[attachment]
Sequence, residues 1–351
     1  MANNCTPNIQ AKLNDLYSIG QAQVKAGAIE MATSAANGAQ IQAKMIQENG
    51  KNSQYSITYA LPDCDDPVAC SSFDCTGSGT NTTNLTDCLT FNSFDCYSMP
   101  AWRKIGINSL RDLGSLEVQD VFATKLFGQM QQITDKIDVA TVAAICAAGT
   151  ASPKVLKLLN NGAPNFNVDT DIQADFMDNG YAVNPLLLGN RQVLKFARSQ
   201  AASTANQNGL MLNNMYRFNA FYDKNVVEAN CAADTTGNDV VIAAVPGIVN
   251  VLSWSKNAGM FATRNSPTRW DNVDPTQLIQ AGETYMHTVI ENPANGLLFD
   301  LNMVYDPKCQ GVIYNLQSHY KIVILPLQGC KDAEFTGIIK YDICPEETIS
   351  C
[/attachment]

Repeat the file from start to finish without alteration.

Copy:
Sequence, residues 1–351
     1  MANNCTPNIQ AKLNDLYSIG QAQVKAGAIE MATSAANGAQ IQAKMIQENG
    51  KNSQYSITYA LPDCDDPVAC SSFDCTGSGT NTTNLTDCLT FNSFDCYSMP
   101  AWRKIGINSL RDLGSLEVQD VFATKLFGQM QQITDKIDVA TVAAICAAGT
   151  ASPKVLKLLN NGAPNFNVDT DIQADFMDNG YAVNPLLLGN RQVLKFARSQ
   201  AASTANQNGL MLNNMYRFNA FYDKNVVEAN CAADTTGNDV VIAAVPGIVN
   251  VLSWSKNAGM FATRNSPTRW DNVDPTQLIQ AGETYMHTVI ENPANGLLFD
   301  LNMVYDPKCQ GVIYNLQSHY KIVILPLQGC KDAEFTGIIK YDICPEETIS
   351  C